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Our Insights 11 Dec 2011

Good COP or bad COP?

By Geoff Lye

This is the last in a series of posts about and from COP 17. Others in the series can be found here: one, two, three, four, five, and six.

Back in the UK now and reflecting on the news filtering out this (Sunday) morning. Given the threat yesterday of a chaotic collapse, with echoes of Copenhagen, I was relieved to hear of the final outcome. The very best was never going to be equal to the full climate challenge we face, but this COP has made some major strides in securing a long-term mitigation roadmap with ‘legal force’. At risk of overload for a blog, I feel it is worth including the key decisions coming out of Durban and have copied these from this morning’s UN release as an appendix at the end.

Meanwhile, some early and interesting responses:

US climate envoy Todd Stern’s view? ‘In the end, it ended up quite well.’ Now this is open to two interpretations. On this side of the Atlantic, the word ‘quite’ is distinctly qualified; in other words ‘quite well’ means ‘reasonably well’. I’d concur with that. If he was, as I would assume, using it in the American meaning, it would translate as ‘very well’. I once gave a presentation to Ford’s executive board and was told afterwards that it went ‘quite well’. Only months later did I become aware of this crucial distinction. I wonder how many Anglo-US relationships have been de-railed by this misalignment of meanings?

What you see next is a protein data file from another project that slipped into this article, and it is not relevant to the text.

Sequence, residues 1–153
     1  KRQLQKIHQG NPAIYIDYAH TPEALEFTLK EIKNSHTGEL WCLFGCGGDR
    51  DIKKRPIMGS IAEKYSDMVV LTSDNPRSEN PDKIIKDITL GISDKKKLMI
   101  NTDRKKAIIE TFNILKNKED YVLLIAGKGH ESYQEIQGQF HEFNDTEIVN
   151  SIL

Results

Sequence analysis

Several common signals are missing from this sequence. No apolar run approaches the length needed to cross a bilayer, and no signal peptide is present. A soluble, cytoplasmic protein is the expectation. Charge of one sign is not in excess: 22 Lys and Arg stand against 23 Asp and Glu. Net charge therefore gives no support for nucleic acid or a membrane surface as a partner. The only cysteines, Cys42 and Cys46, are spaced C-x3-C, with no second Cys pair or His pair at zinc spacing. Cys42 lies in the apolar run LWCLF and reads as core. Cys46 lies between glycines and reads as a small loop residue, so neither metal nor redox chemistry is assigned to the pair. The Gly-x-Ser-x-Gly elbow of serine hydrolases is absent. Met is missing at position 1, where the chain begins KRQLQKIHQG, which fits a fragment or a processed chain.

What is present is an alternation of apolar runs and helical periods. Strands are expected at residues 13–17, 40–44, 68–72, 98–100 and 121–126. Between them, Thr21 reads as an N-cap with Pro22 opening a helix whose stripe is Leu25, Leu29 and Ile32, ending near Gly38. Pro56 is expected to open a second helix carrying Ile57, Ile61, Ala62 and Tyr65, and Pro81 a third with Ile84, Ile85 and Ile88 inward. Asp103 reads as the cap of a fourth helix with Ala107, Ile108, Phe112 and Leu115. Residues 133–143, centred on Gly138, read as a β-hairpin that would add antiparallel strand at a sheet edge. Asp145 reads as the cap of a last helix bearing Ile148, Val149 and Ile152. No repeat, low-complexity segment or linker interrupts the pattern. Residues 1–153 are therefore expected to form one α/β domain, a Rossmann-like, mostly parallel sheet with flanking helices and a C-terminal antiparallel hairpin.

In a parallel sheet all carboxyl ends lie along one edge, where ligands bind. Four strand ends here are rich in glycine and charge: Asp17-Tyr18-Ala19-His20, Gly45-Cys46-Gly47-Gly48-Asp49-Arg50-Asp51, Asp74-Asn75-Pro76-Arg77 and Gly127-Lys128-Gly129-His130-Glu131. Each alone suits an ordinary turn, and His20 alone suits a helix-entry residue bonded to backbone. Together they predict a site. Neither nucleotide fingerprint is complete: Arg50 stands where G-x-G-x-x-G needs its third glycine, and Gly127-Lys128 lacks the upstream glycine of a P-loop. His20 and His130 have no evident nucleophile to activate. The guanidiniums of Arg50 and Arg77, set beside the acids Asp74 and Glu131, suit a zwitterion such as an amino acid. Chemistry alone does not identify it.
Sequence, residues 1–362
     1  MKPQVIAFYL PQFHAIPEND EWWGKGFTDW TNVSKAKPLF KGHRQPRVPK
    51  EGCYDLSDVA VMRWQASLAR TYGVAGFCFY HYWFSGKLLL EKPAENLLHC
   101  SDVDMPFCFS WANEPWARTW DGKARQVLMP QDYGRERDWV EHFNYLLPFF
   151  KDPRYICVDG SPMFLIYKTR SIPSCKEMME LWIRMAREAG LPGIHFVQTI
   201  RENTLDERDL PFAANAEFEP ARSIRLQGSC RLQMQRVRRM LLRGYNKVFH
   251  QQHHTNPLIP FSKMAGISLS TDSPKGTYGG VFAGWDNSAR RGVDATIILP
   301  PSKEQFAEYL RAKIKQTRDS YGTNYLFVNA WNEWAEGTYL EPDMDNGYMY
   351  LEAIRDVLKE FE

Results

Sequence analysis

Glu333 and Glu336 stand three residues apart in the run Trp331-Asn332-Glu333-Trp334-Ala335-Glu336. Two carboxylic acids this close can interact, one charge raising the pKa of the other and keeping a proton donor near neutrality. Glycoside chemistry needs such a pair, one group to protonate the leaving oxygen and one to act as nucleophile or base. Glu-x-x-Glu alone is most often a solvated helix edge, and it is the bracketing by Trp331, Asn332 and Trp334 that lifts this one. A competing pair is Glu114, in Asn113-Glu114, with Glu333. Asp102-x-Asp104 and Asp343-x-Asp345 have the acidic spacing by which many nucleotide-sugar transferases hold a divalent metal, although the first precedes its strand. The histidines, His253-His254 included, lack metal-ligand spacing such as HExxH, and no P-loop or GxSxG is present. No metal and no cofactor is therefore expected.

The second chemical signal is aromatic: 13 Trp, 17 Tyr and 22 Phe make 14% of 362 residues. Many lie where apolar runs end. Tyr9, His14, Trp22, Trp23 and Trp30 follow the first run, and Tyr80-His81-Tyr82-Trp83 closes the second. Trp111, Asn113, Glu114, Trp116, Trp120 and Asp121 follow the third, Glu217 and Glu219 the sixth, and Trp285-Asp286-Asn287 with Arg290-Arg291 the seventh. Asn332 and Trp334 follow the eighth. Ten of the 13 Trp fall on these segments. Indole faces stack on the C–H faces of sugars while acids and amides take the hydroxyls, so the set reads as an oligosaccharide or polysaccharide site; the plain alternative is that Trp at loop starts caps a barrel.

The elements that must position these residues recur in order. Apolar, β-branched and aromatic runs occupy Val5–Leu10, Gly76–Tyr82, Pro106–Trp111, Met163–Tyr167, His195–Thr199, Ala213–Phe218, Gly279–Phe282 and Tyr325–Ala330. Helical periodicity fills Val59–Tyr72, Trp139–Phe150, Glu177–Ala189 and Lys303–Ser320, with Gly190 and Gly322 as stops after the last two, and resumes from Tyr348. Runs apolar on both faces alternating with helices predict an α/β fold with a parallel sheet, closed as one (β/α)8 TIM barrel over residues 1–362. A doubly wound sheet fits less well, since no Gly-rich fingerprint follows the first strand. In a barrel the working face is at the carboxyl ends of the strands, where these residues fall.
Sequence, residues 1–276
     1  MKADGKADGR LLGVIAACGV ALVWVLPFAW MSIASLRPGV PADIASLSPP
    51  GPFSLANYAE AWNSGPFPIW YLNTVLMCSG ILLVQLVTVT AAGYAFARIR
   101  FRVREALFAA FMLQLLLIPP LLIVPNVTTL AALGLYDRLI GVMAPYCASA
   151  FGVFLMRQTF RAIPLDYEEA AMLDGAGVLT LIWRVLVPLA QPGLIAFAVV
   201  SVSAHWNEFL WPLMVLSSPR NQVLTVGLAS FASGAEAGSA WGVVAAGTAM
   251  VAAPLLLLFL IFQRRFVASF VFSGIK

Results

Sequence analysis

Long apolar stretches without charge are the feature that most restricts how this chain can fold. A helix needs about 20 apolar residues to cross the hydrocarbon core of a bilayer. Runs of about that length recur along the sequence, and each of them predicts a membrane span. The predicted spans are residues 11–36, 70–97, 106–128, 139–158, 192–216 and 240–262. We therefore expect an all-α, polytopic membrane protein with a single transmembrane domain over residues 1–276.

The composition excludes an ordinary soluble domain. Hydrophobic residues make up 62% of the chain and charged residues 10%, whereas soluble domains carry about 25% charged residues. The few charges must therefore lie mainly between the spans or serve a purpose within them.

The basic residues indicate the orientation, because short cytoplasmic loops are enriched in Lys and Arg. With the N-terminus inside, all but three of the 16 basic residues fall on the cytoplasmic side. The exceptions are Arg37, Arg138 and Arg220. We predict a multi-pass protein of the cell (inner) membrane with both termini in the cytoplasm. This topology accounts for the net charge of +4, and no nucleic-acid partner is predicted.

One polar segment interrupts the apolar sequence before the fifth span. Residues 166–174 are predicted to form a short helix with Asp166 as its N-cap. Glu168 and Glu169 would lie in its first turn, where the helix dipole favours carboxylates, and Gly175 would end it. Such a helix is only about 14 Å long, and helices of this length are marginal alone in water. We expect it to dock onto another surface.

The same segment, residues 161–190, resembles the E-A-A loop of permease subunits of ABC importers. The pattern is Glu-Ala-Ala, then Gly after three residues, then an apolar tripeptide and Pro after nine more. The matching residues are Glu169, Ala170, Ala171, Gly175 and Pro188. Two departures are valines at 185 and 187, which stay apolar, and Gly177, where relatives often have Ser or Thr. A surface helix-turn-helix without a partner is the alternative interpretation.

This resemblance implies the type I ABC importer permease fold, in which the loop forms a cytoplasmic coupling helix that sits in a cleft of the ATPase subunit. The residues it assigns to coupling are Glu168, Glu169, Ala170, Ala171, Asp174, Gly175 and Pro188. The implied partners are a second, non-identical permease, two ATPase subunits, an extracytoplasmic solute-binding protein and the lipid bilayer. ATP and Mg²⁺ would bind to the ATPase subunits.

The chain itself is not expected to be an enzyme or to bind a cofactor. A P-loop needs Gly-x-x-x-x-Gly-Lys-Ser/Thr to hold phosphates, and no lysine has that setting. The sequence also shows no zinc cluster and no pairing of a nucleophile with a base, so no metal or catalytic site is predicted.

A few minutes ago, I received an email from Gary Kendall – previously an Executive Director of SustainAbility and now with the S African chapter of the Cambridge Programme for Sustainability Leadership (as well as a genius on Segways: see below). His take? ‘I was up until 02:30 watching the plenary online last night / this morning – it was riveting! In the grand scheme of things, Durban may just go down in history as a turning point. South Africa had an almost impossible brief after Cancun, and to get what they ended up with is monumental. Is it sufficient? No. Is it a massive step forwards? Definitely. What is it about these odd-numbered COPs (Kyoto COP3, Marrakech COP7, Bali COP13, Copenhagen COP15…) that makes them so compelling? The even-numbered ones are fillers – skip Doha and head to COP19 where there are sure to be more fireworks. I live in hope.’